In a discussion moderated by The Indian Express Group’s Executive Director Anant Goenka and National Opinion Editor Vandita Mishra, Sharma spoke on national security as a poll issue, social media shaping politics and how it’s impossible to call this election.
This edition of Express Adda held in Delhi hosted global investor and author of Democracy on the Road, Ruchir Sharma. In a discussion moderated by The Indian Express Group’s Executive Director Anant Goenka and National Opinion Editor Vandita Mishra, he spoke on national security as a poll issue, social media shaping politics and how it’s impossible to call this election.
On how democracy is thriving in India
The incumbent in India, the government in power, has incredible advantages at its disposal. Even in this election, by most estimates, the BJP is outspending the Congress party by five to 10 times. Most people have a perception that whichever government is in power typically tends to have a much stronger hold over the media.
Despite these incredible advantages that any incumbent enjoys, most incumbents in India lose elections and for me that is such a powerful statement that no matter how much money you spend or what you do in terms of controlling the institution, at the end of the day if the voter wants the government to lose, the government loses.
For me that is such a reaffirming statement about the fate of democracy in the country. This is the most powerful statement that the world’s largest democracy is thriving. The fact that this election is so unpredictable, a month into the elections, again tells us how robust the democratic process in this country is.
On whether this will be India’s first national security election
Yes, somewhere deep down there is this feeling of national security… I don’t think this country has been this polarised at a caste, religion, region and a leader level as it is now. When we tried to ask the voters who are you going to vote for, it is so simple that once you get their surnames, you know exactly who they are going to vote for. There is absolutely no debate on that. We would like to believe that in the cities we have moved to a post-caste world, instead when we were on this trip, my finding was that we were in a post-truth world.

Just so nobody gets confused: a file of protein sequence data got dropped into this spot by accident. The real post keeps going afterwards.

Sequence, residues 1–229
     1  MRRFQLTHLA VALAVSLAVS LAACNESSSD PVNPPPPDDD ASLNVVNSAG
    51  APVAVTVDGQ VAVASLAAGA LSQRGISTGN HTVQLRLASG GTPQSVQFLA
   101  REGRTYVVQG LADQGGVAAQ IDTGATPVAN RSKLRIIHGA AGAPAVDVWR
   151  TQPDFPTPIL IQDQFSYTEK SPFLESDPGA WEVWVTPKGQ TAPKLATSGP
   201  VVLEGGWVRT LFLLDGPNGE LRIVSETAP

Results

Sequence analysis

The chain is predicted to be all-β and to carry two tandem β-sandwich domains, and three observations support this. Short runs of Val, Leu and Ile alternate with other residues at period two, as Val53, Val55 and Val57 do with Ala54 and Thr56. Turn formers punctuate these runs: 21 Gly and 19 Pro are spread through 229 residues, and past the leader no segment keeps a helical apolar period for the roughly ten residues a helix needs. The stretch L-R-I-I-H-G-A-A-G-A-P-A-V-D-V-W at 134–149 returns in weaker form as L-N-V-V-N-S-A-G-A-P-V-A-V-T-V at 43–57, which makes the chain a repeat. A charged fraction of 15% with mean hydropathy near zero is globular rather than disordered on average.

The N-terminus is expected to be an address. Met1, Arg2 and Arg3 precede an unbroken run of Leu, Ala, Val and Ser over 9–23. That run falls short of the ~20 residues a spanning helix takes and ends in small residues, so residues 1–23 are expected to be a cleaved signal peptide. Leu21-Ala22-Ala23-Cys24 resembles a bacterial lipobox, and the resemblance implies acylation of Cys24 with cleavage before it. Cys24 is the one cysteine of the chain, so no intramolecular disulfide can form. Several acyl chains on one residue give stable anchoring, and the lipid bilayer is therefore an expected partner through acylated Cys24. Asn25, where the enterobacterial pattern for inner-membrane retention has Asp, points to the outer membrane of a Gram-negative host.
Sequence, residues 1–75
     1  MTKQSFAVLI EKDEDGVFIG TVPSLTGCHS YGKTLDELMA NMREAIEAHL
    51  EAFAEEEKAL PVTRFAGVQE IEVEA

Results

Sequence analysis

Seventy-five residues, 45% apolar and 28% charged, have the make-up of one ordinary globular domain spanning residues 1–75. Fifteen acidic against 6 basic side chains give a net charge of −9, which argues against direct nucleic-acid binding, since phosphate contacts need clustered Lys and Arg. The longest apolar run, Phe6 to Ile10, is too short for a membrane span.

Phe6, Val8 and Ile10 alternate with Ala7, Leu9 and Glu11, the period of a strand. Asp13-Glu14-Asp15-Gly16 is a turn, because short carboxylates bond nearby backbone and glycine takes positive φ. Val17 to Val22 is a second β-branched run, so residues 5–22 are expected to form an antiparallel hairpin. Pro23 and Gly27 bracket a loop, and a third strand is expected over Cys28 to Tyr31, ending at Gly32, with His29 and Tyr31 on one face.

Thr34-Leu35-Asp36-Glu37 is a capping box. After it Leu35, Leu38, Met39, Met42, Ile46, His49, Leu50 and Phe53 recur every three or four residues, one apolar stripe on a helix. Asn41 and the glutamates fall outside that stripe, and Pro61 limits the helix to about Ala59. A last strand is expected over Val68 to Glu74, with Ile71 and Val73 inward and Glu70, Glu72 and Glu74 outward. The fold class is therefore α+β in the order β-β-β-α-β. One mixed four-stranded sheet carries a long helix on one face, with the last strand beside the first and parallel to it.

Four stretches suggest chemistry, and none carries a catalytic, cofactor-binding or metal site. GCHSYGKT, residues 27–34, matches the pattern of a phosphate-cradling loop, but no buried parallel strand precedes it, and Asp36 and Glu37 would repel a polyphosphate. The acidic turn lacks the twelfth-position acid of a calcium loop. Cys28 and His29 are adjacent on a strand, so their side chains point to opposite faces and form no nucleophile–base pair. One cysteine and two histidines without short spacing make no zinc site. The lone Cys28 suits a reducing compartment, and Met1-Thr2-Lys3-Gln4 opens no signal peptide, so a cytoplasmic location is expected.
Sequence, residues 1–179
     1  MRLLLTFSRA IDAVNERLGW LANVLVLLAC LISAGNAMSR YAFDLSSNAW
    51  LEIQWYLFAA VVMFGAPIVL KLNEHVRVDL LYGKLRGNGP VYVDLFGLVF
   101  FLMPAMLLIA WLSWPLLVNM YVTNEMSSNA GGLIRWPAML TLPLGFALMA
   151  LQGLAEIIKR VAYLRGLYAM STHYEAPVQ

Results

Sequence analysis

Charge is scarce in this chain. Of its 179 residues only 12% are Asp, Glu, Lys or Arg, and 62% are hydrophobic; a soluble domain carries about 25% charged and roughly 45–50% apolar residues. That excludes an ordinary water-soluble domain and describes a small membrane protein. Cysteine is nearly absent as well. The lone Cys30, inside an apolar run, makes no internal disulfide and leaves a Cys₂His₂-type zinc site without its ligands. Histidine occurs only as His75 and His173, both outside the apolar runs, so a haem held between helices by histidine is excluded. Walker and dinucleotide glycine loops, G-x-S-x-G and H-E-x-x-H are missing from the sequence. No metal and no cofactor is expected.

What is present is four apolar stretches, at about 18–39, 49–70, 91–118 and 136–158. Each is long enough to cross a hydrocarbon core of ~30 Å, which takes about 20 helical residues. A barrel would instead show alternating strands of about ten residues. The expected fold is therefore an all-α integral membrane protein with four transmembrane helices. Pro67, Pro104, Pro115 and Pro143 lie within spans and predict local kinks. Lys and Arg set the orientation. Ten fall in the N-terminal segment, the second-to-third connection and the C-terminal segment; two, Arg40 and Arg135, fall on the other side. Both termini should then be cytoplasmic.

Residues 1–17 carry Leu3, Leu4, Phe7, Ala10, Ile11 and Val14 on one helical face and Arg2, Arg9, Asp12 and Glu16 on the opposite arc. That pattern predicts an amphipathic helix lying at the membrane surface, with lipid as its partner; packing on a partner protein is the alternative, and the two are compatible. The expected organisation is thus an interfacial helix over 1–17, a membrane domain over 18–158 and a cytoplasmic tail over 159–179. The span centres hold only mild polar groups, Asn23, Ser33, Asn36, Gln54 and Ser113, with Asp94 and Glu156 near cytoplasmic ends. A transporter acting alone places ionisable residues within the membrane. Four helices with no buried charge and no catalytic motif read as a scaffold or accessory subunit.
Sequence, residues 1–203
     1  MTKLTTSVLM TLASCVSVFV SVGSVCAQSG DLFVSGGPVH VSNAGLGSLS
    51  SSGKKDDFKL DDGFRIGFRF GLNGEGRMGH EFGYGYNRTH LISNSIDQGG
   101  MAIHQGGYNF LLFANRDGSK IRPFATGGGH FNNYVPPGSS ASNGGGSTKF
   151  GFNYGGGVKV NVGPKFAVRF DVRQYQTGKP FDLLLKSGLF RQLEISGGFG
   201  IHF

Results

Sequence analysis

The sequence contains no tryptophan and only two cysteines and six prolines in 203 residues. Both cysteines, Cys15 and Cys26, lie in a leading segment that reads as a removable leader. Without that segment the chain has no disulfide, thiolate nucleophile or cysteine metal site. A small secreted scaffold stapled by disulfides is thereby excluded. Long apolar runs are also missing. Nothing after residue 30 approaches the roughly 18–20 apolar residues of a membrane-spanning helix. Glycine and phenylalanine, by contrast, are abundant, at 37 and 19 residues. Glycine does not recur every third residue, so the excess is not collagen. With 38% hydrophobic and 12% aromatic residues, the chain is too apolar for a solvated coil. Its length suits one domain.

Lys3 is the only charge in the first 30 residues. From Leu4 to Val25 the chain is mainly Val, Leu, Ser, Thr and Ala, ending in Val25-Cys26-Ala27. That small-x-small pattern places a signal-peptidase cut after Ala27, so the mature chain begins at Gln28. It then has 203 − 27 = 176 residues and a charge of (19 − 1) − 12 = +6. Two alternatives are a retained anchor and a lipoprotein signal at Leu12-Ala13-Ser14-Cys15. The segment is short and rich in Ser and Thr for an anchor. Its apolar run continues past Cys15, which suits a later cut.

And what do I mean by this? You can literally form a list of A and a list of B. When you ask any upper caste voter, or a non-Dalit OBC, or a non-Jatav scheduled caste person, the answer is Modi. You ask a Muslim or a Yadav or a Jatav who he is going to vote for and the answer without a doubt is mahagathbandhan. It is as simple as that. Now if you come to the issues, if you ask the person what the issues are, the person voting for the BJP will point out to how good things have been for the last five years.
They will tell you we have been given a toilet, electricity, better roads and national security. You go and ask the same question to a Jatav, a Muslim or a Yadav, and they will tell you exactly the opposite. So you don’t know what exactly the truth is because people are picking on facts that are convenient for them.
On whether the Opposition not having a face hurts them
I think yes, that is true in certain states. When you go to Tamil Nadu or Andhra Pradesh, people ask you, who is Rahul, who is Modi. There is almost a disdain for national leaders. I think in these elections, the south of India has been grossly ignored and underrated. We have a tendency of talking a lot about the Hindi heartland. So in the Hindi heartland, he (Modi) is undoubtedly the issue and in places like Rajasthan and Madhya Pradesh, he has single-handedly been pulling the BJP up. The question to ask is, if Modi is not the leader of the BJP, is it quite possible that the BJP’s vote share would be down further?